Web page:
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    I would venture to say that the only vintage TAD components that are still state of the art by today standards are the TD4003, ET703, and TM1201, but each of them calls for very specific, and somewhat old-fashioned, applications:
    - TD4003 : its integrated flare calls for a slow rate horn whereas thread-less drivers and fast rate horns are now the norm
    - ET703 : current designs typically do not require supertweeters anymore, even less so when said supertweeter imposes a directivity pattern (ie integrated horn, unlike the 045)
    - TM1201(H) : its usable bandwidth makes it difficult to integrate as it struggles to get low, and its upper extension is not really usable for direcitivity reasons

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    Senior Member BMWCCA's Avatar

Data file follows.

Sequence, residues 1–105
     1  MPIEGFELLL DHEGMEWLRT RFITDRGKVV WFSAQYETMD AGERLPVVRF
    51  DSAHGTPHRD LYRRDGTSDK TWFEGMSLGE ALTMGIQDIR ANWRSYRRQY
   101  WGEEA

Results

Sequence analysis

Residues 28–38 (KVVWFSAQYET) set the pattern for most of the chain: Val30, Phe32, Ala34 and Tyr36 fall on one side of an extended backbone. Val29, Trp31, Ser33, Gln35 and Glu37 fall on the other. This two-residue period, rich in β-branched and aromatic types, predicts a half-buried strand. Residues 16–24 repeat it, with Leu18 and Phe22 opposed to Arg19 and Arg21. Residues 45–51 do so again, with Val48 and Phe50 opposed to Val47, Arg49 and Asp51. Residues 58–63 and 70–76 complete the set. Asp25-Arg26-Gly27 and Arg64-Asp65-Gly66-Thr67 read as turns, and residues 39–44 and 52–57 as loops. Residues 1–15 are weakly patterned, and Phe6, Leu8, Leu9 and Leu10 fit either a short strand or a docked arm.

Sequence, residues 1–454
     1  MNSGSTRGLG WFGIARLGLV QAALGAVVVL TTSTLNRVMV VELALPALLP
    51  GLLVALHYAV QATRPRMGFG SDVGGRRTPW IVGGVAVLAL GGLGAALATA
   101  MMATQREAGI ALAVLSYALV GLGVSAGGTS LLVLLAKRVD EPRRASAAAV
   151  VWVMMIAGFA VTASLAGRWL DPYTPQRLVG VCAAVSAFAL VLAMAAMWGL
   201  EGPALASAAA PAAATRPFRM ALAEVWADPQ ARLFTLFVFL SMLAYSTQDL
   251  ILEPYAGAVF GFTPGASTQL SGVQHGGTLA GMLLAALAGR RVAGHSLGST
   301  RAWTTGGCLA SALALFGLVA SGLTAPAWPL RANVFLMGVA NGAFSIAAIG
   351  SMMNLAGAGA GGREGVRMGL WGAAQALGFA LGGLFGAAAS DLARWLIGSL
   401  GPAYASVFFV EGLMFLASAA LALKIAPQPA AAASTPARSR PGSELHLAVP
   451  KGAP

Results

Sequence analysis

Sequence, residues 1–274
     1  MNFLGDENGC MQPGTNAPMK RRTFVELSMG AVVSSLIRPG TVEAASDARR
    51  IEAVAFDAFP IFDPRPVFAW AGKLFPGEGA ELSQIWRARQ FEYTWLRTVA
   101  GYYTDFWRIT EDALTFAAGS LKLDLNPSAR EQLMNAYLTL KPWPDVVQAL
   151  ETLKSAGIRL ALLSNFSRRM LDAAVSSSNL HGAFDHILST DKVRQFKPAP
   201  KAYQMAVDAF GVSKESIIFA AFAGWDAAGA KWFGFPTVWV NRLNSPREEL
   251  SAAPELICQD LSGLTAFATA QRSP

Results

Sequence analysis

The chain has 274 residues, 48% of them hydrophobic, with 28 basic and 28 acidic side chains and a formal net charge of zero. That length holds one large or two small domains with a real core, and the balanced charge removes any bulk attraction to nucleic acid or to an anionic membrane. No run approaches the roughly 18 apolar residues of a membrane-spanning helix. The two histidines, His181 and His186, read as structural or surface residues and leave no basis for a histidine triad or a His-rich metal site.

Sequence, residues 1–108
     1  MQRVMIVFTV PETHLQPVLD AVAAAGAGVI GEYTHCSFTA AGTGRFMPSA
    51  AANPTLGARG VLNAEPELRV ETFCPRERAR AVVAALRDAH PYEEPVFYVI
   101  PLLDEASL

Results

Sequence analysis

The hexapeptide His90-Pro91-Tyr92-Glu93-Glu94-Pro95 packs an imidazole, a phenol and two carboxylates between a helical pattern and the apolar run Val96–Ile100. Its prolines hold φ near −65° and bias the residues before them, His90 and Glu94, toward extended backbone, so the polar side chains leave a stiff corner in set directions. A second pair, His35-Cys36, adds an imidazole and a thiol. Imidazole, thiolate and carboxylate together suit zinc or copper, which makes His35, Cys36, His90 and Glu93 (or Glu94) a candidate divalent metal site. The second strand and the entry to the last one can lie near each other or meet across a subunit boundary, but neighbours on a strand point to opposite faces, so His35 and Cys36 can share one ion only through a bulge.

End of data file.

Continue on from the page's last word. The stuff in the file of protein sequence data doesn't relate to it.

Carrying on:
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    I know I read other replies to this thread. I don't remember anything insulting or controversial. Was this thread "sanitized" for some reason?

    Never mind! What I remember reading on this topic was contained in this thread after it went sideways: http://www.audioheritage.org/vbullet...l=1#post406922
    ". . . as you have no doubt noticed, no one told the 4345 that it can't work correctly so it does anyway."—Greg Timbers

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    Quote Originally Posted by Mr. Widget View Post
    Its kind of a silly question.

    Enzo Ferrari left Alfa Romeo and created his own car company... producing arguably better and certainly more expensive cars. Now both Ferrari and Alfa Romeo are owned by Fiat. So?

    TAD professional is the line of speakers I believe you are talking about as they are certainly similar to JBL vintage speakers and some of these drivers were designed by Bart Locanthi. Their line of monitors have been out of production for well over a decade. During this time JBL has gotten significantly better on both the Pro side and the High End home side.